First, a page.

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Hawkes
04-03-2016, 07:19 PM
My Google-fu has so far yielded few insights on this topic. I'm trying to figure out what kind of shape the inside of a spaceship would be in after several hundred years (let's say five-hundred) of vacancy. The ship's systems are still functional, let's assume thanks to some powerful science-fiction-y technology, and the area in question is climate-controlled and moisture-controlled, but there is no artificial gravity or oxygen present. Would everything still look brand-new due to the absence of mold/rust, etc. or would there be some shabbiness or noticeable deterioration on the surfaces within? Anyone who knows more about space than I do (which is not much) would be a big help!

Chris P
04-03-2016, 07:31 PM
I think that as long as the exterior remains intact it will remain pretty much as it was left. Whatever moisture is on it after that time will have been whatever was left on it. However, tiny bits of space junk and micro-meteors (I think they're called) will continue to pelt the outside of the spacecraft and eventually wear away the integrity. The Smithsonian Air and Space Museum has a returned bit of the Hubble on display, and after only ten or so years the surface was pock marked with drill holes where they removed the embedded bits of space debris to study them.

I wouldn't be surprised if 500 years is plenty of time for heat sheilding or other protective covering (not to mention solar panels) to be irreparably compromised.

WeaselFire
04-03-2016, 07:53 PM
Well, the last spaceship with alien technology that had been sitting for half a millennia that I was in...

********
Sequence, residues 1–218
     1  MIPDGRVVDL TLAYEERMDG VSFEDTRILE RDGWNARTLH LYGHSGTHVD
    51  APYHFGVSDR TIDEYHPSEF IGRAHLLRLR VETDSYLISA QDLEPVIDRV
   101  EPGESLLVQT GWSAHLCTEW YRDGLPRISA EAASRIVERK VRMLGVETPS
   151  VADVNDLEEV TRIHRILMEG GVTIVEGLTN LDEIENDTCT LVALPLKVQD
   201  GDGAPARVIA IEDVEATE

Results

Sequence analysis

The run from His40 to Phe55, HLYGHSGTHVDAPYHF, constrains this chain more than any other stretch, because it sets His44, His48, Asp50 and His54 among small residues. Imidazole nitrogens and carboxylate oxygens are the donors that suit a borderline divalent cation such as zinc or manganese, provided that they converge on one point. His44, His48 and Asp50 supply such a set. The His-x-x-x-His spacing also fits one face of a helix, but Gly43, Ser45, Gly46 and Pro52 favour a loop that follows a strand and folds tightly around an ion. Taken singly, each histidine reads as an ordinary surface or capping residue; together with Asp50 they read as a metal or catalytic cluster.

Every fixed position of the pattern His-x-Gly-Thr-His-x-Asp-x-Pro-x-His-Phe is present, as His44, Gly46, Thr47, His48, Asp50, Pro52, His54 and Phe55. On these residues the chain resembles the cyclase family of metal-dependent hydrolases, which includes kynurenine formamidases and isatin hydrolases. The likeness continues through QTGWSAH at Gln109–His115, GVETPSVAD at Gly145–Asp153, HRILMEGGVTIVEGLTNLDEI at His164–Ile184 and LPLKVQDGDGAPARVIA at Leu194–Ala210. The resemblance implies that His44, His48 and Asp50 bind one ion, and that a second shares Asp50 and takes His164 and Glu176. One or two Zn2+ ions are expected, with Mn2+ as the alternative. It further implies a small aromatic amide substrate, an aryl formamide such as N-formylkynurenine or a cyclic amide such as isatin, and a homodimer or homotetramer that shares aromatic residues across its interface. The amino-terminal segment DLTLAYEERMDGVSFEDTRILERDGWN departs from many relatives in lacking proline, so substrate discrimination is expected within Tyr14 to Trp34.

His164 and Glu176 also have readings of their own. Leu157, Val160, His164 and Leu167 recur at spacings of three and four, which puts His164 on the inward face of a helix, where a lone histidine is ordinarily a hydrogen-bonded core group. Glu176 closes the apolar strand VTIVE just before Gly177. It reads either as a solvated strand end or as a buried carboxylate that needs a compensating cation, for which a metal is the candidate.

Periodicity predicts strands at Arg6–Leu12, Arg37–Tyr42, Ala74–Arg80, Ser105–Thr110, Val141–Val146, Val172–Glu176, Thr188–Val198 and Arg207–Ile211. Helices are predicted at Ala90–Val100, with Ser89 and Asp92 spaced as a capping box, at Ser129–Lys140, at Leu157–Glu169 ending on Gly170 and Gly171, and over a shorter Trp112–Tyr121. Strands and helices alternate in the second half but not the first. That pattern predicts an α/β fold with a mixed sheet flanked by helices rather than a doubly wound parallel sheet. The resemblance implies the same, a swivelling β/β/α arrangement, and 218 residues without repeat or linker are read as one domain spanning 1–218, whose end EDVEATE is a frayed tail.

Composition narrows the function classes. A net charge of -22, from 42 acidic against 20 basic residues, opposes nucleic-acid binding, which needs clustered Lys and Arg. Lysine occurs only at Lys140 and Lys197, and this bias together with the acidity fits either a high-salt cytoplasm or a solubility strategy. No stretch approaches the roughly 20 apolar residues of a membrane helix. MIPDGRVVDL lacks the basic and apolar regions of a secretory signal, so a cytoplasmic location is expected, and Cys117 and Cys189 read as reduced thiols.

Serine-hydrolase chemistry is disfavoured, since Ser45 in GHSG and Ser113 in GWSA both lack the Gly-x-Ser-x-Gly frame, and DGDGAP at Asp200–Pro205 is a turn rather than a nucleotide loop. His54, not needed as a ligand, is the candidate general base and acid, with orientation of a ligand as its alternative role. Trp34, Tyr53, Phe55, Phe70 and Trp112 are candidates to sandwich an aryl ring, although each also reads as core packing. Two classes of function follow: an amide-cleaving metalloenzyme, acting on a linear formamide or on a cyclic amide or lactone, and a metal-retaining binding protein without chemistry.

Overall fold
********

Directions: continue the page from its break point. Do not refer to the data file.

Seriously, there is no basis in current technology to give you an answer. What do you need for your story?

Jeff

Dennis E. Taylor
04-03-2016, 08:39 PM
The problem is volatiles. Some types of plastics, some adhesives, possibly other materials will continue to slowly boil off volatiles, which are basically constituent chemicals that gradually evaporate. This will change the chemical makeup of the material, possibly making it brittle, possibly making it disintegrate. Laminated materials, structures that are held together with adhesives, will probably come apart. Then the volatiles in the atmosphere may react with other materials, such as metals or organics like wood.

If nothing else, the inherent humidity in the atmosphere will gradually corrode some metals, be absorbed by things like wood and cause them to crack, provide a growing medium for molds, etc.

You can probably pick your consequences and make them plausible, but IMO "unchanged" is unlikely.

King Neptune
04-03-2016, 09:30 PM
Different materials would endure that differently. Your description is not completely clear. Is the space ship in a parking orbit around something, or was it parked on an asteroid or something? Has the interior been evacuated and filled with an inert gas or maybe nitrogen or an other gas?